Indigenous cultures have always moved in harmony with the rhythms of nature, developing a symbiotic relationship with the landscape that feeds their physical, cultural and spiritual needs while respecting mother earth.
In the last few centuries, this deep connection to nature and traditional relationships with its cycles have been challenged, minimized and sometimes fully severed for a great number of Indigenous people. Increasing global urbanization, the dawn of the digital age, and increased automation have moved all of us further away from our land, our food and even other people. Coming full circle today, these Indigenous traditions hold a vast potential to improve our health and well-being across Canada, especially in urban settlements where this disconnection is most prominent.
Urban agriculture, as HTFC Planning & Design’s Monica Giesbrecht and Trent Workman discussed with Feast Café Bistro’s Christa Bruneau-Guenther, is a way to reconnect Indigenous and non-Indigenous people with their culture and in supporting their city life — encouraging backyard growing, procuring, and preserving of food.
Born in Romania to a family with farming and engineering roots, Giesbrecht was drawn to landscape architecture as a perfect melding of design, technology and soul. Through her work at HTFC, she advocates for inclusive design and places that energize and welcome users of all backgrounds, ages, and abilities. Her research of the social, physical and psychological impacts of human environments on children and youth, immigrants and marginalized groups, aging and physically impaired, serves as a foundation for her work on healthy communities, urban revitalization, public and private parks, and culturally sensitive lands.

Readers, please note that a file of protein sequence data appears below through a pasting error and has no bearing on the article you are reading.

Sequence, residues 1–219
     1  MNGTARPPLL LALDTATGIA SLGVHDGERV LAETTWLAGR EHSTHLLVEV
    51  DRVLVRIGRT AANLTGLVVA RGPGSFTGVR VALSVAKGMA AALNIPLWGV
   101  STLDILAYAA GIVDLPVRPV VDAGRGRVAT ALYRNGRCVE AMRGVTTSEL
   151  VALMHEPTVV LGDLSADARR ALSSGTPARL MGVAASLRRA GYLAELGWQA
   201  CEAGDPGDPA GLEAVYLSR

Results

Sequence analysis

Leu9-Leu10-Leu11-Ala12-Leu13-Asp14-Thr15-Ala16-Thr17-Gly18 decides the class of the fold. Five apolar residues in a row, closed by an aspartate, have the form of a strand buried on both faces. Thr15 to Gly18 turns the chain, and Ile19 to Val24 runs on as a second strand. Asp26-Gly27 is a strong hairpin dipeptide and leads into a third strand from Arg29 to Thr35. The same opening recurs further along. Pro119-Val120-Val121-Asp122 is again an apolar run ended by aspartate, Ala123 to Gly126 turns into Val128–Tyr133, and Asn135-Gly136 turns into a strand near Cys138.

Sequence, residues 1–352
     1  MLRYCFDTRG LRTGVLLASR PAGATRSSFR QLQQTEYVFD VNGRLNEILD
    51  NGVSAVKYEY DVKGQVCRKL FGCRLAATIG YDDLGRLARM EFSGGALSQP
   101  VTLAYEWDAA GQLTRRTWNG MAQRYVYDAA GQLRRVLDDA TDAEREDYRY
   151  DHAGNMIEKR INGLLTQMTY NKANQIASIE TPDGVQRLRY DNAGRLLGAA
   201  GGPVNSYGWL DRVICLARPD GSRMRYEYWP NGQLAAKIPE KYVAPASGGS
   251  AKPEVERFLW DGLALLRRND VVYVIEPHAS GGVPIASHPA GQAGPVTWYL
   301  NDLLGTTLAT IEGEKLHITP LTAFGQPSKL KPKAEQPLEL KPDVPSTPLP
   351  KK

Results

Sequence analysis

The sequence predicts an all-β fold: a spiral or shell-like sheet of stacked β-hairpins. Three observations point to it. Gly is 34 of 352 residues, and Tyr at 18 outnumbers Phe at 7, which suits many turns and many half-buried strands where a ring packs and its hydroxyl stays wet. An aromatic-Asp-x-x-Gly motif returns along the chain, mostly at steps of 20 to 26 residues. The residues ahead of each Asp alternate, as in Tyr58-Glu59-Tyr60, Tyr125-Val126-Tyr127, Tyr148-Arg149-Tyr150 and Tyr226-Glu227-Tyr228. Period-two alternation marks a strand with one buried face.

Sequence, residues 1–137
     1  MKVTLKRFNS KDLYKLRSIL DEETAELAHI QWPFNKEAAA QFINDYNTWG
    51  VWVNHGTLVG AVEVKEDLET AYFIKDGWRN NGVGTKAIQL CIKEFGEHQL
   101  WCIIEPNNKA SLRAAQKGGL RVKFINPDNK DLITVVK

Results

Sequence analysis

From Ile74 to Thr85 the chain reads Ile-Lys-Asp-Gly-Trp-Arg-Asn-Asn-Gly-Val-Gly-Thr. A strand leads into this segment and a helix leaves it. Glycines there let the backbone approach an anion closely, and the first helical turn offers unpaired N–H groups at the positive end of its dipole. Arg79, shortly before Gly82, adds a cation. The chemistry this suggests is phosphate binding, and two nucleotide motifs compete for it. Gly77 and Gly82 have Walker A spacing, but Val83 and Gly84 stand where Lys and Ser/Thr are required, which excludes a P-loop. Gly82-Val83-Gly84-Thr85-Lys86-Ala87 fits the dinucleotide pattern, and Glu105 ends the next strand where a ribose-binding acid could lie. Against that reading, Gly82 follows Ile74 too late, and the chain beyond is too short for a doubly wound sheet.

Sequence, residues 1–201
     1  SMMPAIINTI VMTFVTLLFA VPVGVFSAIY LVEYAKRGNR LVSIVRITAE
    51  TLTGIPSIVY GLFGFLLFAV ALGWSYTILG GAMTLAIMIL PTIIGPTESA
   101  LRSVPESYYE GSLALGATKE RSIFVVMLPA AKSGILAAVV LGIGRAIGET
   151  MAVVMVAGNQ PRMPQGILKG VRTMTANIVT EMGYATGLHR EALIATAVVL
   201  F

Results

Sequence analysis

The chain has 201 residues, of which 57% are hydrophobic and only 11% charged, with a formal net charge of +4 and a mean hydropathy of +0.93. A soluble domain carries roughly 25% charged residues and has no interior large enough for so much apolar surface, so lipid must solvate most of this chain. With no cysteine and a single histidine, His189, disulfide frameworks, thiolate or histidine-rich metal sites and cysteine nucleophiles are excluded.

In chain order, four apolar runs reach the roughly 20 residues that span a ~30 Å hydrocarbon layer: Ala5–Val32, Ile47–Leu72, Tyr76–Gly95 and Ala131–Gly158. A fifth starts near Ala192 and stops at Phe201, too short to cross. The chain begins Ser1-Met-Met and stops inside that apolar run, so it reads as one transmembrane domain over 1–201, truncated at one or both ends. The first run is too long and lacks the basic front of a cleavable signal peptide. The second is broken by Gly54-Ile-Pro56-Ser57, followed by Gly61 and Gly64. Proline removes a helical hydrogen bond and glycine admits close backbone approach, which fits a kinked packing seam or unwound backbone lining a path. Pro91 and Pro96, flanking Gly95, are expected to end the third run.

Workman, a University of Manitoba landscape architecture graduate, has served as a landscape planner at HTFC for four years. Born in Reston, and raised in Brandon, Workman grew up surrounded by agriculture, an upbringing that formed his interest in regional planning and in addressing large-scale landscape issues. Workman’s work often takes him north where he learns from people who are inextricably connected to the land in places such as Peguis First Nation, Cross Lake, Norway House and Nunavut.
Bruneau-Guenther, a member of Peguis First Nation, opened Feast in Winnipeg’s West End in 2016. Born in the North End, Bruneau-Guenther has a heart for people and the community. She contends urban agriculture can help connect Indigenous people to their culture, build relationships, and bring elders, youth, and the community together. The restaurateur’s kitchen at Feast Bistro is open, affordable and inviting, providing Indigenous people from the community with an opportunity to prepare and learn more about their food and culture.
On a hot summer day in Bruneau-Guenther’s backyard, the trio shared ideas around the full life cycle of urban agriculture, the role of municipal policies in supporting healthy cities, and the wide array of garden-to-table resources needed to create a sustainable food culture in cities.